By Jack Davis August 31, 2021 at 5:03pm
The Biden administration wants employers to require that their workers get the coronavirus vaccine, according to comments from COVID-19 response coordinator Jeff Zients on Tuesday.
“We continue to push for more vaccination progress, including through vaccination requirements,” Zients said at a COVID-19 briefing, according to a White House transcript.
“Bottom line: Vaccination requirements work. They drive up vaccination rates. And we need more businesses and other employers, including healthcare systems, school districts, colleges and universities to step up and do their part to help end the pandemic faster,” he said.
Zients touted as a success the number of employers that have fallen in line with the administration’s call to require employees to be vaccinated.
“And now, over 800 colleges and universities, over 200 healthcare employers, small and large businesses across the country, and dozens of state and local governments and school districts have stepped up to follow the president’s lead,” he said.
Zients sought to portray private-sector employers as also heeding President Joe Biden’s bidding.
“Notably, the share of job postings that require vaccinations are up 90 percent according to Indeed.com, a popular job search site,” he said.
Union representing Chicago firefighters and paramedics is opposed to vaccine mandate https://t.co/idCCRVVPWv via @SunTimes
— sylvaner (@Sylvaners) August 31, 2021
If California issues a vaccine mandate I’m moving.
The vaccines do not stop nor even really slow spread. There is ZERO science behind these mandates. This is about big pharma dollars buying off every level of government.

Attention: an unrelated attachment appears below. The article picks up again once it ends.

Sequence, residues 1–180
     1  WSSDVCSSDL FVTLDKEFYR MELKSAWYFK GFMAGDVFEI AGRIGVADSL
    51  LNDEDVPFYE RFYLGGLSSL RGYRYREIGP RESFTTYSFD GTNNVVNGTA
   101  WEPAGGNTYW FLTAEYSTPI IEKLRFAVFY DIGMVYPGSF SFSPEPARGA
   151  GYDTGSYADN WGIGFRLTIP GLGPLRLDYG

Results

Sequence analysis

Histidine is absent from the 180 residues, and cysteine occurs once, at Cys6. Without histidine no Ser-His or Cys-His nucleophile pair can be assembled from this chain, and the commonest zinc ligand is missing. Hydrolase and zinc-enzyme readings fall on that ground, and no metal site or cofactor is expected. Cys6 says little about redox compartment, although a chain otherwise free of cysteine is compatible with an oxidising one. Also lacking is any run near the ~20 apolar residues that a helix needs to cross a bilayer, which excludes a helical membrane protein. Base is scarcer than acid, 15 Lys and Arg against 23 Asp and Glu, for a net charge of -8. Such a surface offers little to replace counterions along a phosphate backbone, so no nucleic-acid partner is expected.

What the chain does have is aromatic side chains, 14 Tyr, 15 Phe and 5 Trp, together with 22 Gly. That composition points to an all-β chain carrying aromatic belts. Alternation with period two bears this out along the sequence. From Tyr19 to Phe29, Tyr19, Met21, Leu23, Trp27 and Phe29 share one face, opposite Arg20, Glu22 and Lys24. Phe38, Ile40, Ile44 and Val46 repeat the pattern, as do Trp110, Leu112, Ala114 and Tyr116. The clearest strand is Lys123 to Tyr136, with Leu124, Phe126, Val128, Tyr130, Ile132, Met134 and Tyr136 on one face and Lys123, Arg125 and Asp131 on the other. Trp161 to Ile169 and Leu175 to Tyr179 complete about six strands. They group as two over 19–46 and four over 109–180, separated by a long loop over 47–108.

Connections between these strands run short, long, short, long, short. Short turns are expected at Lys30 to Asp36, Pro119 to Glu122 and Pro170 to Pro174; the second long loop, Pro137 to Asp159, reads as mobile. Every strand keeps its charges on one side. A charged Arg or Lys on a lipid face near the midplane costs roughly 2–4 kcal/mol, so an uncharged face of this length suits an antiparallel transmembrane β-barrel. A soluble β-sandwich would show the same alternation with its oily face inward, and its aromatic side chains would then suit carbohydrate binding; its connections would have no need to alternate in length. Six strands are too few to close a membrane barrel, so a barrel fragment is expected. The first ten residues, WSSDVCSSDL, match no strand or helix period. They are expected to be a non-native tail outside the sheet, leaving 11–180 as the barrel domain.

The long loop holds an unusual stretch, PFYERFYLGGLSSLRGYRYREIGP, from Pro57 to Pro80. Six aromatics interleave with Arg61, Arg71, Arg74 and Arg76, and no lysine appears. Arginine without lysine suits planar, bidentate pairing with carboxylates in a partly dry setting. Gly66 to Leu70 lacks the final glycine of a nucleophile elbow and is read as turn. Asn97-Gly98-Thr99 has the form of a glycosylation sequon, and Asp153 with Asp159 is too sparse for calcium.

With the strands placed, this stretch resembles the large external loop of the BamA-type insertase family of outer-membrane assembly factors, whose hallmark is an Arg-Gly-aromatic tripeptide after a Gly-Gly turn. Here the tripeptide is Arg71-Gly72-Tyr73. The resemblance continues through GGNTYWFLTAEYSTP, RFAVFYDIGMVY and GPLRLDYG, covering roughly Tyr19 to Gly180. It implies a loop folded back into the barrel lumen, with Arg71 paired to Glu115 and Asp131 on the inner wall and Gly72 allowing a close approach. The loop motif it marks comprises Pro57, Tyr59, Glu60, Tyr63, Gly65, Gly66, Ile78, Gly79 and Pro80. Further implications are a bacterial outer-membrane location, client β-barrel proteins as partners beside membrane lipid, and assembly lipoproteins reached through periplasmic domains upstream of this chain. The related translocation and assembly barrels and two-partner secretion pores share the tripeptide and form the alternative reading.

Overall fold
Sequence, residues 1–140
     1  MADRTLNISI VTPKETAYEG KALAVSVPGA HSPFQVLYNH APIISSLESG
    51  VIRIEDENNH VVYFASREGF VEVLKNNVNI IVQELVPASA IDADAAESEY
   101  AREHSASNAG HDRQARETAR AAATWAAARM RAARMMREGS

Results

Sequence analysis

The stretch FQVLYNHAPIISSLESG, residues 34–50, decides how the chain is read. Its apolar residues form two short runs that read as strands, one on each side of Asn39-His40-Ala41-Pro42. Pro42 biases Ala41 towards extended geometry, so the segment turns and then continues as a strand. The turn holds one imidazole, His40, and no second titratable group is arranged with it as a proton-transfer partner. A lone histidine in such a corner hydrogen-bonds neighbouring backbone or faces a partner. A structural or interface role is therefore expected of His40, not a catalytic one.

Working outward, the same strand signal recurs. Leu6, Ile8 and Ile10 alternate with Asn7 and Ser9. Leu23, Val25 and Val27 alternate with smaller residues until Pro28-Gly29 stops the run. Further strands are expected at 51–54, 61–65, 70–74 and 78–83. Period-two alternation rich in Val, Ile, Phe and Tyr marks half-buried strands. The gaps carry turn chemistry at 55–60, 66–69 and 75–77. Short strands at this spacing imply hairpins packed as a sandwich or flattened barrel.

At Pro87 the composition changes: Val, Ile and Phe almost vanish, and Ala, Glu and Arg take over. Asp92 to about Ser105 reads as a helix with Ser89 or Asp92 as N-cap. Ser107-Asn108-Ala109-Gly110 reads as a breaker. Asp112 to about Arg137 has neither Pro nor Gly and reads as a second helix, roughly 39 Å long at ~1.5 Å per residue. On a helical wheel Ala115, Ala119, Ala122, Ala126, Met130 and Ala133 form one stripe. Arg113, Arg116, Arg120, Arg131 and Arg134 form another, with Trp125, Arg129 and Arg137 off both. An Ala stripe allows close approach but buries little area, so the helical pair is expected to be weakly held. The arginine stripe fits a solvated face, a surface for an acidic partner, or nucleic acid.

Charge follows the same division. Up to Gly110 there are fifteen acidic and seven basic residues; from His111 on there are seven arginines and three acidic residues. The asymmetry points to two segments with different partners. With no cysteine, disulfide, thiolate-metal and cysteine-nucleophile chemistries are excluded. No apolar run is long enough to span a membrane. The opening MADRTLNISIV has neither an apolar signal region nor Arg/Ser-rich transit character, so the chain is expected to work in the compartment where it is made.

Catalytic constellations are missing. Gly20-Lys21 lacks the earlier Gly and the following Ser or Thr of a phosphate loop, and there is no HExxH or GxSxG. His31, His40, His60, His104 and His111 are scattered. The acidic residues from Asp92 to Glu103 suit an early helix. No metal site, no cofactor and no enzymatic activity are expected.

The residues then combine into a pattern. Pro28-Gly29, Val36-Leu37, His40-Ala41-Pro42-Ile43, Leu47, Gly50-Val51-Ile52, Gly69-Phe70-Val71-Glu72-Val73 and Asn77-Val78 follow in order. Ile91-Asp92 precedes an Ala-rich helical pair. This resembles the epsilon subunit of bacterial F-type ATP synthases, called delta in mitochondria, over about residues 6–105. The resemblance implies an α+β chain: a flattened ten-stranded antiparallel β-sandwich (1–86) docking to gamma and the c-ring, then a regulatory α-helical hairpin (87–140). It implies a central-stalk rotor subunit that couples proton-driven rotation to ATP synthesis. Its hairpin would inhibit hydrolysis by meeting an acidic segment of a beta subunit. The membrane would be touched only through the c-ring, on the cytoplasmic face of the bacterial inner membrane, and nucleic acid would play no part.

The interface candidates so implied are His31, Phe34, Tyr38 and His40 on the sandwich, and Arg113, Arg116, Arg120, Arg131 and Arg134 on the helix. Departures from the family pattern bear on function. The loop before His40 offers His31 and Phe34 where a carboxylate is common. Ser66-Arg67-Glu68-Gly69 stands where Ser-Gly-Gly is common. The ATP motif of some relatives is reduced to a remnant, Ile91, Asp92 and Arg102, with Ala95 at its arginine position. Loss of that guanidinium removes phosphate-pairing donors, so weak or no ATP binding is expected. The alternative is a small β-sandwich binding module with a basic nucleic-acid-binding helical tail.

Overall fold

Get money out of politics. #VaccinePassport
— Kim Iversen (@KimIversenShow) August 28, 2021
During the briefing, Zients touched on the upcoming Labor Day holiday.
“We need more individuals to step up too. As people across the country prepare for Labor Day weekend, it’s critical that being vaccinated is part of their pre-holiday checklist,” he said. He did not explain how, given the time it takes to acquire protection through any vaccine, this would impact Labor Day safety.
Dr. Rochelle Walensky, director of the Centers for Disease Control and Prevention, suggested being selective with whom one mingles over the holiday.
“First, if gathering with family and friends, remember that spending time outside with others who are vaccinated will help to prevent transmission,” she said.
Some employers have held off, such as Cree, a North Carolina-based maker of semiconductors.
“There are no current incentives or requirements for vaccination, but we continue to encourage our employees to do what’s best for them and their families, while making it as easy as possible to access the necessary resources to obtain the vaccine,” the company said, according to the Raleigh News & Observer.
A job website called Red Balloon is bucking the trend, and, according to The New York Times, seeks to “connect employers who value freedom with employees who value it too.”
“We’re taking a stand against this mandatory vaccine trend,” Red Balloon’s founder, Andrew Crapuchettes said. “In today’s tight labor market, there are good companies with strong work cultures who want to hire dedicated employees regardless of their health care choices.”